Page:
August 7, 2009 / 3:02 PM / 9 years ago

Short-sellers suffer crushing losses in July

BOSTON (Reuters) - For many money managers who bet exclusively that securities will fall, July may go down in history as their personal Waterloo.

When performance data is announced in the next few days, the numbers will show high single-digit or even double-digit losses at so-called dedicated short-sellers, industry analysts and investors forecast.

“Every few years short-sellers have their day in the sun,” said Brad Alford, founder of Alpha Capital Management, an advisory firm that invests in hedge funds. “Then things revert to normal where the markets rise and life becomes so difficult for them that many just go out of business,” he added.

Short-sellers, who are often called the vultures of Wall Street because they help accelerate drops in stock prices, began having a bad year as soon as the stock market began to turn around when fears about the global downturn eased.

In the first six months of 2009 they lost 9.38 percent, compared with the 9.55 percent that other hedge funds gained.

And with the Standard & Poor’s 500 stock market index last month recording its best gains for July since 1997, returns for short-sellers will be nothing short of a blood bath, analysts predicted.

To anyone considering hedge fund investments in the coming months, the data will illustrate that these managers who cashed in on last year’s financial markets crash now rank as the $1.4 trillion hedge fund industry’s worst performers.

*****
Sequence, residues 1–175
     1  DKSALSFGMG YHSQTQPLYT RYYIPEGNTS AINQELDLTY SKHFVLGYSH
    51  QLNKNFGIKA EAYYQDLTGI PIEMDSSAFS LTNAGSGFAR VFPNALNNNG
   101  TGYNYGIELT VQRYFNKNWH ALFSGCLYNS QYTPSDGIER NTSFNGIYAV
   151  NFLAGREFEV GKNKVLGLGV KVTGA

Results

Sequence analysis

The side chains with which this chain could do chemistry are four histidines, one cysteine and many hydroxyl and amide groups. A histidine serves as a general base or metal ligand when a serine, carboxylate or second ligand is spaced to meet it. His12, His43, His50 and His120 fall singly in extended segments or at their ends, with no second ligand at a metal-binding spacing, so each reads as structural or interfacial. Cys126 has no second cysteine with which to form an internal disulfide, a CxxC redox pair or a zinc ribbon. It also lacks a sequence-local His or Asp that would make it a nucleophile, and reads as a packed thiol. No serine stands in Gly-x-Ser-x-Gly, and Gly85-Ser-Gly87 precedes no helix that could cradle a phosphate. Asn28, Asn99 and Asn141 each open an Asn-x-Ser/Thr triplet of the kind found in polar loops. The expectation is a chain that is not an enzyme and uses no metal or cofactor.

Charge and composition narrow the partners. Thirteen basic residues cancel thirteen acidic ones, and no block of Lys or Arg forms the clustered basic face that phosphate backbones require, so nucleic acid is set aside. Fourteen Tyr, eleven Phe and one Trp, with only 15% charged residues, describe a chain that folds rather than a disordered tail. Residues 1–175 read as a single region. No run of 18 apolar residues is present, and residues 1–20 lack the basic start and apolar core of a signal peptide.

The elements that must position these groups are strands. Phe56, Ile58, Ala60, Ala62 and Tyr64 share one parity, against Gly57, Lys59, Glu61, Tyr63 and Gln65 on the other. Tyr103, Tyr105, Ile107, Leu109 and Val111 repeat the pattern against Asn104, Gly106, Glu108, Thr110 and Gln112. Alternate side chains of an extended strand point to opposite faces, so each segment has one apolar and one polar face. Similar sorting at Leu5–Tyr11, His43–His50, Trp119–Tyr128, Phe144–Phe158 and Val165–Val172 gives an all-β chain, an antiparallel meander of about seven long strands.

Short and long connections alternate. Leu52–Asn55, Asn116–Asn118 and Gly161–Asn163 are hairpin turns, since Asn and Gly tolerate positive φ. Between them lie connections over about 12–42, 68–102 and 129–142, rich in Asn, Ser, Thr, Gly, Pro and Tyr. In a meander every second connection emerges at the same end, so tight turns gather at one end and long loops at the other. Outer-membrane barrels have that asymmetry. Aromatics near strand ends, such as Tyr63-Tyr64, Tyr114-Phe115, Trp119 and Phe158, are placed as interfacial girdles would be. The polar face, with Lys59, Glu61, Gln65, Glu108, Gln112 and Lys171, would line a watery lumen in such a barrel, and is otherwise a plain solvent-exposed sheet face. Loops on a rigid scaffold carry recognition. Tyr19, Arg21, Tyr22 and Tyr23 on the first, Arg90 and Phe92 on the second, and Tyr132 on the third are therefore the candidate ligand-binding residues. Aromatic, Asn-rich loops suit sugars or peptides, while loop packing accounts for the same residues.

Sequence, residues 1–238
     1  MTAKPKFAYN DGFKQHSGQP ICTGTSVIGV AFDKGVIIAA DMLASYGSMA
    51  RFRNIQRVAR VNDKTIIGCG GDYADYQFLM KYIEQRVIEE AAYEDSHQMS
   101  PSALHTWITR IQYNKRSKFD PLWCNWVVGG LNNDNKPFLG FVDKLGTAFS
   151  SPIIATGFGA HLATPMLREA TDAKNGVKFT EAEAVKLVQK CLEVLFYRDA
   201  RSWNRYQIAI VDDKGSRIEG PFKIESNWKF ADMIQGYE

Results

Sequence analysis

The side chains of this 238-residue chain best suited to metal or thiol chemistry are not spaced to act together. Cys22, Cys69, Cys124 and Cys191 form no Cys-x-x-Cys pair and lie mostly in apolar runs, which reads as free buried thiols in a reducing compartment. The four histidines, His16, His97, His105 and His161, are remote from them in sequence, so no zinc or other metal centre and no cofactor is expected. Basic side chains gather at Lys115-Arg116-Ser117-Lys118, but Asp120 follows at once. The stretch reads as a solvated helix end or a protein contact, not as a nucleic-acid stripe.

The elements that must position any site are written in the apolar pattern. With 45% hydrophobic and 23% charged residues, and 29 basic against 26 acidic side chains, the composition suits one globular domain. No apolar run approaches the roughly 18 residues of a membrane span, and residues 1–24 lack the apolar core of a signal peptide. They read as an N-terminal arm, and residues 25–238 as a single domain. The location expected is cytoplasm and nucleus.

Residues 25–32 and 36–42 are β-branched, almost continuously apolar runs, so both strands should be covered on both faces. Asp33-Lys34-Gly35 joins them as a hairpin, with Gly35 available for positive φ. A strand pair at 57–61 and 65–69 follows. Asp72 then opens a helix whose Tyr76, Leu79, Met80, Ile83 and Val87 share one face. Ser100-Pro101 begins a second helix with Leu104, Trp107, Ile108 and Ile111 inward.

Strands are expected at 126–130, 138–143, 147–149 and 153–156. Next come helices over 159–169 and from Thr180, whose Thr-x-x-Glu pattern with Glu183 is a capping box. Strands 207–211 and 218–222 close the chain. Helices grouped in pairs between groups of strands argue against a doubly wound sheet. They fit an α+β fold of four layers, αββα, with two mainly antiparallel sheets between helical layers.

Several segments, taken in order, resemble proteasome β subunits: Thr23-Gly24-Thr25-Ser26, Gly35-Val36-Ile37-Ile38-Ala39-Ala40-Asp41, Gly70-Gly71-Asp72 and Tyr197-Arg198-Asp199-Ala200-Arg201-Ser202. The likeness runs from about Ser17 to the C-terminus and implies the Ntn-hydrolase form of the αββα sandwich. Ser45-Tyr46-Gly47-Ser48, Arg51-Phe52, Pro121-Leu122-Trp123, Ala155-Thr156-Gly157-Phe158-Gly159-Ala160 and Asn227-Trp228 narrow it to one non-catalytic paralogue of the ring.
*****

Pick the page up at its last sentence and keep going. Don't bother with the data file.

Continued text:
Ironically short-sellers may have even helped fuel a recent rally in newspaper stocks by shorting shares of Gannett Co, which were the S&P 500’s top gainer in July, rising 96 percent.

Short-sellers that sold Gannett shares in the belief they would drop in price were instead forced to reverse course and cover positions by buying the stock, analysts said.

With the overall market recovering, demand for dedicated short-sellers will likely decline, shrinking the industry’s already tiny community even further.

Since hedge funds are not required to report their performance, it is impossible to say for sure how many short-sellers there are or how much money they invest.

During last year’s financial crisis, short-sellers like James Chanos’s Kynikos Associates, were the toast of the industry, gaining 28.25 percent while the average hedge fund lost 19 percent.

This year is a very different story. Several short-sellers, who asked not to be named for fear of being identified by corporations whose stock they are betting against, said investors were pulling more money out.

And new investors are not putting money in. Besides poor returns, investors are also worried that regulators could impose rules that would make shorting more difficult.

“There are still some dedicated short-sellers out there but we would not use them,” said Stewart Massey, founding partner of Massey, Quick & Co, an investment consultant that helps clients put money with hedge funds.

Reporting by Svea Herbst-Bayliss; Editing by Steve Orlofsky

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